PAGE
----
Bernhard Riemann

2008/9 Schools Wikipedia Selection. Related subjects: Mathematics

Bernhard Riemann
Bernhard Riemann, 1863
Bernhard Riemann, 1863
Born September 17, 1826
Breselenz, Germany
Died July 20, 1866 (aged 39)
Selasca, Italy
Residence Germany
Citizenship German
Fields Mathematician
Institutions Georg-August University of Göttingen
Alma mater Georg-August University of Göttingen
Berlin University
Doctoral advisor Carl Friedrich Gauss
Known for Riemann Hypothesis
Riemann Integral
Elliptic geometry

Georg Friedrich Bernhard Riemann (pronounced REE mahn or in IPA ['ri:man]; September 17, 1826 July 20, 1866) was a German mathematician who made important contributions to analysis and differential geometry, some of them paving the way for the later development of general relativity.


Early life

Riemann was born in Breselenz, a village near Dannenberg in the Kingdom of Hanover in what is today Germany. His father, Friedrich Bernhard Riemann, was a poor Lutheran pastor in Breselenz who fought in the Napoleonic Wars. His mother died before her children were grown. Riemann was the second of six children, shy, and suffered from numerous nervous breakdowns. Riemann exhibited exceptional mathematical skills, such as fantastic calculation abilities, from an early age, but suffered from timidity and a fear of speaking in public.

Middle life

In high school, Riemann studied the Bible intensively, but his mind often drifted back to mathematics. He even tried to prove mathematically the correctness of the Book of Genesis. His teachers were amazed by his genius and his ability to solve extremely complicated mathematical operations. He often outstripped his instructor's knowledge. In 1840, Riemann went to Hanover to live with his grandmother and attend lyceum (middle school). After the death of his grandmother in 1842, he attended high school at the Johanneum Lüneburg. In 1846, at the age of 19, he started studying philology and theology in order to become a priest and help with his family's finances.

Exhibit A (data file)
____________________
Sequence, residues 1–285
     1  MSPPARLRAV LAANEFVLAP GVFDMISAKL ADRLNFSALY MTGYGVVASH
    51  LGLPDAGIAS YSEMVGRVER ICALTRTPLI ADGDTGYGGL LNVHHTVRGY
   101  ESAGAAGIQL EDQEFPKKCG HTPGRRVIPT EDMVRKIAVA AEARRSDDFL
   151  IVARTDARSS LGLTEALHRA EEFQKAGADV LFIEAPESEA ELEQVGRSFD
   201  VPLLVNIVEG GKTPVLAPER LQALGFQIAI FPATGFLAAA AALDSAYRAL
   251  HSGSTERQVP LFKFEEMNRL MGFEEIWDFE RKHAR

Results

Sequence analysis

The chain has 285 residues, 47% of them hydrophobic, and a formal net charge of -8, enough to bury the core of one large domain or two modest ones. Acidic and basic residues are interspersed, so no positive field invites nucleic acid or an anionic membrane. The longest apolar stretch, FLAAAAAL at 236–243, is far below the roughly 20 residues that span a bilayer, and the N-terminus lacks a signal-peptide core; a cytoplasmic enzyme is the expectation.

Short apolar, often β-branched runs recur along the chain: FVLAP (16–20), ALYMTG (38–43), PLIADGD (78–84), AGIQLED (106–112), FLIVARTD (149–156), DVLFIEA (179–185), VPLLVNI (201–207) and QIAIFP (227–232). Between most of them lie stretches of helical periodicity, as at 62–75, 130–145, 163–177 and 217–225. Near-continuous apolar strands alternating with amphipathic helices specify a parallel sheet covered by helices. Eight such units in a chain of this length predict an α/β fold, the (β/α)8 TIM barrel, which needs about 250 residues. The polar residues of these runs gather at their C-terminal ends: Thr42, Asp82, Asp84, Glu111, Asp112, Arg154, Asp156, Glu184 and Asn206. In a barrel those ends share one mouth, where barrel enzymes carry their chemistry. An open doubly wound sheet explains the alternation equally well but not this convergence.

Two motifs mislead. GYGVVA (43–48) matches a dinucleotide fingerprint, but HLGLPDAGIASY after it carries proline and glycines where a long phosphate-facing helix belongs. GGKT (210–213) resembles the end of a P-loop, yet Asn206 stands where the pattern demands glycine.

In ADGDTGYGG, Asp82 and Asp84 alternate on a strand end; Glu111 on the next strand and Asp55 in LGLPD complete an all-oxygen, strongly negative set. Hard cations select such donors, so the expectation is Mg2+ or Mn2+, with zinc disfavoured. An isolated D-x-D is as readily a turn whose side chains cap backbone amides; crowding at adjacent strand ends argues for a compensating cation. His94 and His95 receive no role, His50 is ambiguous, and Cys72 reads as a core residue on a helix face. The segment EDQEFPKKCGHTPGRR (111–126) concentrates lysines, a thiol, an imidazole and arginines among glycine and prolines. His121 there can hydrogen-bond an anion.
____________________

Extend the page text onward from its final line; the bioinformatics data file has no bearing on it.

In 1847, his father (Friedrich Riemann), after gathering enough money to send Riemann to university, allowed him to stop studying theology and start studying mathematics. He was sent to the renowned University of Göttingen, where he first met Carl Friedrich Gauss, and attended his lectures on the method of least squares.

In 1847, Riemann moved to Berlin, where Jacobi, Dirichlet, and Steiner were teaching. He stayed in Berlin for two years and returned to Göttingen in 1849.

Later life

Bernhard Riemann held his first lectures in 1854, which not only founded the field of Riemannian geometry but set the stage for Einstein's general relativity. In 1857, there was an attempt to promote Riemann to extraordinary professor status at the University of Göttingen. Although this attempt failed, it did result in Riemann finally being granted a regular salary. In 1859, following Dirichlet's death, he was promoted to head the mathematics department at Göttingen. He was also the first to propose the theory of higher dimensions, which greatly simplified the laws of physics. In 1862 he married Elise Koch and had a daughter. He died of tuberculosis on his third journey to Italy in Selasca (now a hamlet of Ghiffa on Lake Maggiore).